During a divorce, spousal support, or alimony as it used to be called, may be awarded to the spouse who earns less money, or stays home with the children full-time, to help them maintain the standard of living they were accustomed to during the marriage. Depending on the terms of the divorce settlement, spousal support may be permanent or temporary. Typically, but not always, spousal support payments stop if the receiving spouse remarries.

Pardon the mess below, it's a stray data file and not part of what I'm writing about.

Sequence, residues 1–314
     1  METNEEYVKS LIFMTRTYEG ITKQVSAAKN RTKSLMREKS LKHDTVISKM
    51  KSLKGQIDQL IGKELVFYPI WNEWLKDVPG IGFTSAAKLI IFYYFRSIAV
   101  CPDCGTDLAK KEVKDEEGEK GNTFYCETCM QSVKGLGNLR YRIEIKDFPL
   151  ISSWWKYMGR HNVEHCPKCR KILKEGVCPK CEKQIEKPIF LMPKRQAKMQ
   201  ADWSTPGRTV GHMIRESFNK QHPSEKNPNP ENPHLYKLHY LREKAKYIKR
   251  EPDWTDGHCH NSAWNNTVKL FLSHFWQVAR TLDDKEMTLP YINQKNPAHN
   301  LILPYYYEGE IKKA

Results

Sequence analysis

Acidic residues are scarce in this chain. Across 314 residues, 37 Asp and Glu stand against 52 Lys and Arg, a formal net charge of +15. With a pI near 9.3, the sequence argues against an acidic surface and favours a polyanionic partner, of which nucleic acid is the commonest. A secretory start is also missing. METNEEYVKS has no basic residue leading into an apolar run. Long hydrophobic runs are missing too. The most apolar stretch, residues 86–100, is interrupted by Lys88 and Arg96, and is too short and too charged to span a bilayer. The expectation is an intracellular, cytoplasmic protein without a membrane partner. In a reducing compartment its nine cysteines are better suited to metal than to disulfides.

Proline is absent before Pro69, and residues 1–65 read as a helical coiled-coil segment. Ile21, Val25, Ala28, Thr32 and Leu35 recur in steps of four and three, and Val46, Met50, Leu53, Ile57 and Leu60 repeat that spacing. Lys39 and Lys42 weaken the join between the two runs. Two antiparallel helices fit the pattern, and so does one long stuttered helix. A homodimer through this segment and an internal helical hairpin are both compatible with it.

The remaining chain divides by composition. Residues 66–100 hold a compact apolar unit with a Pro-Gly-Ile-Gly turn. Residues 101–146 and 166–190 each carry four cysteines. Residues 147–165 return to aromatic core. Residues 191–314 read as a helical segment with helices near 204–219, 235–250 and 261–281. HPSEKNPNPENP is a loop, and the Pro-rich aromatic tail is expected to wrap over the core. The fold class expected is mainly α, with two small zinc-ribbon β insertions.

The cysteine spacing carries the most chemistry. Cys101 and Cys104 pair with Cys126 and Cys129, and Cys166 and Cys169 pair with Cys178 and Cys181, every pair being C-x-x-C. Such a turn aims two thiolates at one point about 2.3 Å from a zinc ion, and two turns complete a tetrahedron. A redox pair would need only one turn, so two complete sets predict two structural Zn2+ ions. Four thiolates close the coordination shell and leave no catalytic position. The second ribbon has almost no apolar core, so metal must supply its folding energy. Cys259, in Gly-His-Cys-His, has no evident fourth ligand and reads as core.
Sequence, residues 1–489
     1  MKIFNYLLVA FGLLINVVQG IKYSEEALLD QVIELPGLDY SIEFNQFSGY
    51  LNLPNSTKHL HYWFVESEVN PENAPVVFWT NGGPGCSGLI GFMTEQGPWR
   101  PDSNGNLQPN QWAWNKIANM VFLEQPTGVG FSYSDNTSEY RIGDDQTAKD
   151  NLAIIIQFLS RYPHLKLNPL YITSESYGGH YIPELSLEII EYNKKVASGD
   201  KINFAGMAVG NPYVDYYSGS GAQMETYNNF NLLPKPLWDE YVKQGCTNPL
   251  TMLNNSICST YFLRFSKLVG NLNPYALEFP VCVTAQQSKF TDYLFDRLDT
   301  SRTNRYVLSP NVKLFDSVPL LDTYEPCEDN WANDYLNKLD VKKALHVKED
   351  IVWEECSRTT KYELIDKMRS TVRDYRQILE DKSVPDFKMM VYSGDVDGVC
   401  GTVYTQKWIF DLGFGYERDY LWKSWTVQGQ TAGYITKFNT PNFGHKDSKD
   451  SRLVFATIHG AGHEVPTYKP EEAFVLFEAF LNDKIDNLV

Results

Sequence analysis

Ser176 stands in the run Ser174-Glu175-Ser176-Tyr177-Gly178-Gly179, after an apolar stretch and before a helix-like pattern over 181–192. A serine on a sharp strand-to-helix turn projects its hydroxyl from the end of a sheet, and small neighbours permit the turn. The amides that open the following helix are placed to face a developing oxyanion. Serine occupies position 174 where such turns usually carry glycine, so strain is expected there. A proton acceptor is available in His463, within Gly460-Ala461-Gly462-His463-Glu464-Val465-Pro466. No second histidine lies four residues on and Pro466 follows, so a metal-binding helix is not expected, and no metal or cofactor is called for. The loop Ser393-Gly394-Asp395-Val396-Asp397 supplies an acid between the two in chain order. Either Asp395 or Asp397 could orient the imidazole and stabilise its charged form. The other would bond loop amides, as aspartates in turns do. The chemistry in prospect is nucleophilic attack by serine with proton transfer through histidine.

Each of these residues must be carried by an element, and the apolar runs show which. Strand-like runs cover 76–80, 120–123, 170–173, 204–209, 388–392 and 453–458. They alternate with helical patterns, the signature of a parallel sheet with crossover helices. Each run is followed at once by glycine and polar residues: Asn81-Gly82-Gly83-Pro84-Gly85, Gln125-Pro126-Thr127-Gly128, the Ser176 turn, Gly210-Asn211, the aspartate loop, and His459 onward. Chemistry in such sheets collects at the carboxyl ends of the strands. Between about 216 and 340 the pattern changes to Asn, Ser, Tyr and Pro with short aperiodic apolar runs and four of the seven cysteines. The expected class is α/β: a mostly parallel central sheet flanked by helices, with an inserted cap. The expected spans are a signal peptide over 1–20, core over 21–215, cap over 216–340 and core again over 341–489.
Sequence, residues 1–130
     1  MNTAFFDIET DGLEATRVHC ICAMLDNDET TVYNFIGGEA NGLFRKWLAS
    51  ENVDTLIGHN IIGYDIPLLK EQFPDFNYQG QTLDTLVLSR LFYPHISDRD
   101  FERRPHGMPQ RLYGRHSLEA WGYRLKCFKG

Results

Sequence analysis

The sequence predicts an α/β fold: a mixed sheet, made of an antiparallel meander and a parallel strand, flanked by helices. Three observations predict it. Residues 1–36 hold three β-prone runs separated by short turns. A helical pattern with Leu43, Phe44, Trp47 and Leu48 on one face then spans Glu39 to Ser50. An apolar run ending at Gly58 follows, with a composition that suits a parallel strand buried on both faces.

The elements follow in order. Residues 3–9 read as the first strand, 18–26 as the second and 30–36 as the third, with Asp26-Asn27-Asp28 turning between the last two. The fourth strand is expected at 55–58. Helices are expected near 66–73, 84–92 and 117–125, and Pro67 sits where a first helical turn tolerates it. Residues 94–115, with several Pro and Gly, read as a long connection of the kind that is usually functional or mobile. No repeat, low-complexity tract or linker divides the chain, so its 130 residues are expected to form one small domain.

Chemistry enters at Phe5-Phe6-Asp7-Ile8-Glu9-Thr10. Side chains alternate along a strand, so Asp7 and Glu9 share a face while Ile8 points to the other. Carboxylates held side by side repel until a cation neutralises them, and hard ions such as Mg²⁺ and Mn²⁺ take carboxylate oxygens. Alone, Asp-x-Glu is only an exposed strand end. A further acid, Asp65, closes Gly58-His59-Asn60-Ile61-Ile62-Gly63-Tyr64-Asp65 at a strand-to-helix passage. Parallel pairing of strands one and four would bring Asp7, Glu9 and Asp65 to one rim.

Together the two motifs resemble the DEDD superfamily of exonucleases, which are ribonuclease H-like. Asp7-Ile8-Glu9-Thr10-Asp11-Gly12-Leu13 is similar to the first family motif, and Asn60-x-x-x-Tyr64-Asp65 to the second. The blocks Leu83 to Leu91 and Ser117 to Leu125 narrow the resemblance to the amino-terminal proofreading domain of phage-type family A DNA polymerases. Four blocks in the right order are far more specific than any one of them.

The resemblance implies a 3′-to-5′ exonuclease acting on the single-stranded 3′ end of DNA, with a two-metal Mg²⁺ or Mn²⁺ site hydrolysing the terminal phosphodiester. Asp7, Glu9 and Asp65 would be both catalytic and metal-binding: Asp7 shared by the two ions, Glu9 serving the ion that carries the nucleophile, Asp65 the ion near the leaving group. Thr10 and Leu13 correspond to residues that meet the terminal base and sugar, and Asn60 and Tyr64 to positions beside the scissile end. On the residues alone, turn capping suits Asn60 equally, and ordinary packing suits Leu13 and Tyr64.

The amount of spousal support can be influenced by several factors such as: length of the marriage, earning potential of both spouses, age, and child custody arrangements. Spousal support is usually tax deductible by the paying spouse and fully taxable as ordinary income to the receiving spouse. Cathy will assist you in analyzing your situation and determining how much spousal support is fair, and how spousal support payments will impact your financial situation after your divorce.